Benefits of Mindful Eating & How to Practise Mindful Eating
+91 7678 027 556 9 a.m. to 7 p.m. (Monday to Saturday) Sign up for diet & exercise consultation.
+91 7678 027 556 9 a.m. to 7 p.m. (Monday to Saturday) Sign up for diet & exercise consultation.
Mindful eating

Mindfulness in Eating: Experience the Bliss of Well-Being

Mindfulness in eating: experience the bliss of well-being

The last few years have seen the concept of mindfulness gain rapid traction, from corporate board rooms to sports teams. At its core, it is a very simple philosophy that should apply to every walk of life. Therefore, the need for mindful eating shouldn’t really be a surprise if you really think about it. We’re sure most of us have grown up listening to parents scolding us for watching TV, reading comics, or talking while eating. I am sure you remember being told, No distractions while eating!. Without ever realizing it, that was an implicit order to practice mindful eating, something which we seem to have given up on in current times.

Before we delve deeper into why mindfulness is as important while eating as it is for better productivity, let’s understand the essence of this ‘modern buzzword’. According to ancient Zen Philosophy, mindfulness is simply “presence” and it is probably the simplest form of meditation there is. It is about being immersed completely in the present moment and being fully aware of it.

Unfortunately, we now seem to be always racing against time, with our minds full rather than being mindful. As we multi-task our way through life, pre-occupied by numerous thoughts and worrying about either the past or the future, focusing on just one thing at a time seems like a terrible waste of time. How wrong could we be?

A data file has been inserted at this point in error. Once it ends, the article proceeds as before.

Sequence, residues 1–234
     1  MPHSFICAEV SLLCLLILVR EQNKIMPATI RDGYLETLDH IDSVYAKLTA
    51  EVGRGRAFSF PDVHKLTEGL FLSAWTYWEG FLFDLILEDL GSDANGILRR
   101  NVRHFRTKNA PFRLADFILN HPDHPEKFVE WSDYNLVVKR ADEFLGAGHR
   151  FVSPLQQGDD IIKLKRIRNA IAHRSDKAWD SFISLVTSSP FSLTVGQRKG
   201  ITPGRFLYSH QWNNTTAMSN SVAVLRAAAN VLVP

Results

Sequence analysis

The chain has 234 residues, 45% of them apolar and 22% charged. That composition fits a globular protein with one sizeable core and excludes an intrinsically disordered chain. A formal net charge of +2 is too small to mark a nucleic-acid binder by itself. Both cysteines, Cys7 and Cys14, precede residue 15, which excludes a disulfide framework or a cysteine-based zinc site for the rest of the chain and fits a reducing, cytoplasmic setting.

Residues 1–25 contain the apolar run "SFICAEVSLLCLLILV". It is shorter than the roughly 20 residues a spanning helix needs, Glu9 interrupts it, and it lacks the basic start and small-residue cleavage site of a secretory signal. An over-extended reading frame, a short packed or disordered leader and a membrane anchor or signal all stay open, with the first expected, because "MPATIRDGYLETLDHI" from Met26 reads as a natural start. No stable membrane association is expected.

Mindful eating

That brings us to eating. When people speak of healthy eating, the focus is generally on what we eat – the constituents of a meal and their nutritional value. What tends to get ignored often is how we eat. Welcome to mindful eating and its role in delivering the full benefits of the food we eat. According to Psychology Today, “mindful eating involves paying full attention to the experience of eating and drinking, both inside and outside the body. We pay attention to the colors, smells, textures, flavors, temperatures, and even the sounds (crunch!) of our food. We pay attention to the experience of the body. Where in the body do we feel hunger? Where do we feel satisfaction? What does half-full feel like, or three quarters full?”

Benefits of Mindful Eating

Several modern studies have brought to the fore the ‘mind & gut connection’ and the resultant benefits of simply focusing on eating. It is not difficult to understand why.

  • Prevents overeating/binge eating: If you eat mindfully, you are more likely to avoid overeating as you are fully aware of the quantity of food you are putting in your month. In turn, this means you are more likely to listen to the “full” signal coming back from your tummy! (Have you ever wondered why we tend to end up eating a lot more than we normally would at parties? It’s all thanks to the divided attention!). If you want to lose weight or are conscious of gaining weight, you know how important it is to not overeat.